Autumn weather can defy explanation though;  it’s not as much of a straight line straight line between the seasons as it is an eventual progression from summer to winter.  And this October Zimmerman has turned back the hands of the clock, hitting .290 with a homer and five RBI over nine games.  His biggest hit was that broken-bat (more of a splintered or shattered bat) single in the Wild Card Game that set up Juan Soto’s go-ahead single in the eighth inning.  “What he’s doing now does not surprise me one bit.” Manager Davey Martinez said. “The biggest thing for him was his health. If you get a healthy Ryan Zimmerman, the product on the field speaks for itself.”

Somehow from the ashes of a 19-31 season this team surged and then scraped its way into the playoffs.  Somehow from 3-0 deficits in the Wild Card Game and Game Five of the NLDS the Nationals found a way to be the team still standing when the final out was secured (a fly-out to centerfield in both cases, just like the NLCS).  And somehow Ryan Zimmerman gets to enjoy being a key part of one historic run.  “Now to share a clubhouse with him again it’s been really special,” Doolittle said. “I’m really happy for him as somebody who’s been here from the beginning of this version of Washington baseball.”

How long will Zimmerman’s extended autumn last?  The 35-year old is in the final year of the contract extension signed way back in February, 2012.  There’s a club option for 2020 worth $18 million (his salary the last two years), or the team can buy out the deal for $2 million.  To say it’s extremely likely the Nationals will take the buyout route would be a major understatement.  But to also say that the veteran wants to come back and play his final days in Washington, even at a reduced rate and playing time, is also a major understatement.  This has become home for the Virginia Beach native and his family, and the only major league home he’s known. “Playing in the big leagues for this long you consider yourself lucky,” Zimmerman said. “To be able to do it with one team and one organization. Being involved in the community and have friends that I’ve met that I’ll be friends with far longer than I’ll play baseball.  It’s a pretty cool situation.”  He has at least four more games before those decisions need to be made, but the face of the franchise hopes to be safe at home here in Washington for 2020.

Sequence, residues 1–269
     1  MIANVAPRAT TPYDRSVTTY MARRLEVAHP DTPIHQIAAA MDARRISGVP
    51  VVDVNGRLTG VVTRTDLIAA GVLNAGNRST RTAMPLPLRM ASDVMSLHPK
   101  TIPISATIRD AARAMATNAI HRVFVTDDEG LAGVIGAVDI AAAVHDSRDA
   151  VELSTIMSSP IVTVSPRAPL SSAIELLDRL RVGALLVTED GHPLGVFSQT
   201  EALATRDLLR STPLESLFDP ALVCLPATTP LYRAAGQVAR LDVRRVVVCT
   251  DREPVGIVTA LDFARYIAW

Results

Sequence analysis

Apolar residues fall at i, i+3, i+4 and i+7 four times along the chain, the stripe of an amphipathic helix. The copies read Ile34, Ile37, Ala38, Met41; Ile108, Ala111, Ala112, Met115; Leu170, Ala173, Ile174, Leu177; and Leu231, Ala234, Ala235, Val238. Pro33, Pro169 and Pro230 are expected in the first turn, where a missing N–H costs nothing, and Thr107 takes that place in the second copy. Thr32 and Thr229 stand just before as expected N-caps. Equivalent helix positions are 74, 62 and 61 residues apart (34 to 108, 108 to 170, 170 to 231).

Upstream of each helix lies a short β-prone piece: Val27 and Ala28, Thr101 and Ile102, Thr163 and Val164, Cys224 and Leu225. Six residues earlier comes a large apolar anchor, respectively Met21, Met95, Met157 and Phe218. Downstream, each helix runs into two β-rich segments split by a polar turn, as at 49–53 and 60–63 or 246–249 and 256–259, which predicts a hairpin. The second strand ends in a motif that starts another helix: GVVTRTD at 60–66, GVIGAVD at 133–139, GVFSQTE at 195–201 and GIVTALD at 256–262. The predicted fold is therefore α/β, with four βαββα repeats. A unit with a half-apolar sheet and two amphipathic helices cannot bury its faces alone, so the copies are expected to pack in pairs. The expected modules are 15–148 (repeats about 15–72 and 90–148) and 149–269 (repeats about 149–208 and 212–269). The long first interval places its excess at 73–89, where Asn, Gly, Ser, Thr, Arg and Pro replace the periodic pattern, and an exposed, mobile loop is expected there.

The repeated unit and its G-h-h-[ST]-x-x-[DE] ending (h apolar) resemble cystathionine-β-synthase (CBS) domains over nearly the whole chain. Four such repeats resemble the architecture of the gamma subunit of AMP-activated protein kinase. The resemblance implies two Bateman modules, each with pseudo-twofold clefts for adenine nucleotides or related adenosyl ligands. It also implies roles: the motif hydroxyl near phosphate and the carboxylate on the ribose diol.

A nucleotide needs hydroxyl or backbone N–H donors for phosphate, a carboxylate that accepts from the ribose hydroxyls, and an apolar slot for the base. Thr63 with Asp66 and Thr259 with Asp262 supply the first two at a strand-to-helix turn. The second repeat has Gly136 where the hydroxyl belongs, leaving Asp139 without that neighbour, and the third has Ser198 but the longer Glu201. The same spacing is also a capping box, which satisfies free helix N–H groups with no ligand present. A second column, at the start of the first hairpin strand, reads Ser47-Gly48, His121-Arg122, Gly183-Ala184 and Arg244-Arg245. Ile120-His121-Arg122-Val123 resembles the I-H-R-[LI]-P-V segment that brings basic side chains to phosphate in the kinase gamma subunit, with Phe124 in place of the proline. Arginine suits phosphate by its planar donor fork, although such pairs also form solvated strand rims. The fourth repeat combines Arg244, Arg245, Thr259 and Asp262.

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Their lockers are both on the far side of the Nationals’ clubhouse.  Two veterans who despite dressing for games side-by-side couldn’t appear to be any more different if you tried.  Jayson Werth has that beard…and is often outlandish in his postgame interviews, especially with MASN’s Dan Kolko.  Ryan Zimmerman is clean-shaven…and answers in a much softer, low-key tone.  Both have been a part of the Nats nucleus since the first playoff run five years ago, and both thirty-somethings know their October opportunities are numbered.

Baseball may be a timeless sport, but there’s definitely a clock ticking on Jayson Werth’s tenure as a Washington National.  Believe it or not, the outfielder didn’t have a beard when he signed with the Nats in 2011-the first big free agent fish caught by the club after years of 100-loss campaigns, misspelled uniforms and sausage sandwich giveaways gone wrong.  The seven-year, 126 million dollar deal turned heads across the majors…and Werth’s presence helped turn the Nats from pretender to contender.  “I was just really in the right place at the right time and had the foresight to buy into the whole thing,” the 38-year old said, “I was lucky enough this all worked out.  It’s been a fun ride-it’s been a great ride. It’s been of the best teams in baseball since I’ve signed here.”